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Saturday, 3 August 2013

image for Wall Street Journal attempting to appeal to female readers with "Ten ways to drive your economy wild."

In an effort to appeal to younger and female demographics, the Wall Street Journal ran an editorial in its weekend edition entitled "Ten ways to drive your economy wild", reproduced here.

1. Send your economy salacious consumer confidence indicators throughout the day.

2. Dirty talk: don't be afraid to show your economy your inner Chairman of the Joint Select Committee on Deficit Reduction. Nothing turns an economy on quicker than, "I need my structural unemployment reduced so bad," or "Oh, God, your labor force participation rate is so fucking huge right now."

3. Take control: some economies really enjoy it when you suddenly cut corporate taxes or slash interest rates without warning. It saves them the trouble of having to do the work themselves.

4. Be spontaneous: invest in the public sector without warning.

5. Tease it: "Look at all this undeveloped land and seasonally-unemployed workers. Oops! Looks like I might've have dropped my funding for wildlife preservation. Oh, dear! Now I've dropped my government-subsidized barriers to market entry too!"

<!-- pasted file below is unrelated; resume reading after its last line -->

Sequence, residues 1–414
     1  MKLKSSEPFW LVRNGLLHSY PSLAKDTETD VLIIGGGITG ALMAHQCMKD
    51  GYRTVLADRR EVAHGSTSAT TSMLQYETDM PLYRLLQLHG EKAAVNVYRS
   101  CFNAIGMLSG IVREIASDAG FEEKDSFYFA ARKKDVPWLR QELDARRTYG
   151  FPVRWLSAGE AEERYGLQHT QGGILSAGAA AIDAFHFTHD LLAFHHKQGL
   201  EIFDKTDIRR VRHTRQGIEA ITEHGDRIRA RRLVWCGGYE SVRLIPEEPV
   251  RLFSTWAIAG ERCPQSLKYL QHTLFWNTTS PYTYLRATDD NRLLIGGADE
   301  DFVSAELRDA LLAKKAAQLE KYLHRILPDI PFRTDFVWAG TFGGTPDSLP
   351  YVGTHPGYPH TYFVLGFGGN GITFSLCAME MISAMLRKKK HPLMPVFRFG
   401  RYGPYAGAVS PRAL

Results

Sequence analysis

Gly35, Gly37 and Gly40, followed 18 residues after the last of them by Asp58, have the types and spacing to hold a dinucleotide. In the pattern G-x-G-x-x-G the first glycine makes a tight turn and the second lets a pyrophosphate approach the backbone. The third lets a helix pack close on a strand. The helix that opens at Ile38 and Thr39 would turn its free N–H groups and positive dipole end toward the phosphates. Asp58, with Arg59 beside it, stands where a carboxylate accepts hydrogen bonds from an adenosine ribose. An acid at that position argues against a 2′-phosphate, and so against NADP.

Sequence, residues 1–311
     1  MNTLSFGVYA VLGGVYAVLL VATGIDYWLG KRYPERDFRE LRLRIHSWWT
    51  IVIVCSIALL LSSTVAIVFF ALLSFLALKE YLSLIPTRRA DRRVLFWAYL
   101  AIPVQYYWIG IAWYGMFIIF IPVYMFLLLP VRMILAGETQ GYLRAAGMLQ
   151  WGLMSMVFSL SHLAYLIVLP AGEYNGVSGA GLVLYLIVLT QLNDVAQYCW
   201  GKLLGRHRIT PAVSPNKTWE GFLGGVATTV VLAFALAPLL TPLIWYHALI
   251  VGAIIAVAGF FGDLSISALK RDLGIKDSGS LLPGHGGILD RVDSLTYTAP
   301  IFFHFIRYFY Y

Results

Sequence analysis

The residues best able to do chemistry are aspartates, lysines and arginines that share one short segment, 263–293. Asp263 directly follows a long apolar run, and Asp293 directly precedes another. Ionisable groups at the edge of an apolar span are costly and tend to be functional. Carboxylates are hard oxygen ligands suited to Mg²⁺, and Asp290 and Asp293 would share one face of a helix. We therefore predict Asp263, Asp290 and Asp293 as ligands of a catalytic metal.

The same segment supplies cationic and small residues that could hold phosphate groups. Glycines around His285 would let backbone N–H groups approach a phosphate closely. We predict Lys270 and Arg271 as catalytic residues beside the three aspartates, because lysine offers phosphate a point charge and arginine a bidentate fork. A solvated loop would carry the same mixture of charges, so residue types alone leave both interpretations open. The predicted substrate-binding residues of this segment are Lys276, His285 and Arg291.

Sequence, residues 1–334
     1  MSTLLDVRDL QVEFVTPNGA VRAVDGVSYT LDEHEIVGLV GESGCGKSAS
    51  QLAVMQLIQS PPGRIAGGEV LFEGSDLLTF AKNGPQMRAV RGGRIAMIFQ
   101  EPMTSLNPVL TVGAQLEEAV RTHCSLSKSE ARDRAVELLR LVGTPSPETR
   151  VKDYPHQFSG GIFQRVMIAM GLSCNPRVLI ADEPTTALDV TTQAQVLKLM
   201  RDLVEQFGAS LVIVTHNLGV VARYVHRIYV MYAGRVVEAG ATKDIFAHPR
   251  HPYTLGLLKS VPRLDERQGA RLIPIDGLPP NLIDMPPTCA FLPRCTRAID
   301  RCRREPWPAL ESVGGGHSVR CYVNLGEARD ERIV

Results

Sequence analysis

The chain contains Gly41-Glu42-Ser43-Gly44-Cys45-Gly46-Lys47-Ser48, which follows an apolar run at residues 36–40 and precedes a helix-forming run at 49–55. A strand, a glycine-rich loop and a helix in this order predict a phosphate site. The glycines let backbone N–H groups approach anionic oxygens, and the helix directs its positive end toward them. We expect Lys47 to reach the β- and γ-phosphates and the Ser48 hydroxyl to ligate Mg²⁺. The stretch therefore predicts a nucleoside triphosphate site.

6. Get rough: tie down a few of your economy's financial sectors, pursue a restrictive monetary policy, and make him beg to be deregulated.

7. Some economies really love watching themselves when they're with you. Make sure you always have a real G.D.P. progress indicator handy.

8. Literature. Don't be "embarrassed" to use things like The Wealth of Nations or A Monetary History of the United States for inspiration.

9. Be adventurous: see how many markets you can open in regions where you've never experienced sustained growth before.

10. Be vocal: issue a lot of over-the-top economic progress reports; who cares if it annoys the neighboring markets? Economies are naturally insecure, and consumers that show their appreciation are a giant confidence-booster.

While reaction has so far been mixed, reception has gone over better than recent New York Times advice column "How liberals can continue to pretend Obama cares about civil liberties".

The story above is a satire or parody. It is entirely fictitious.

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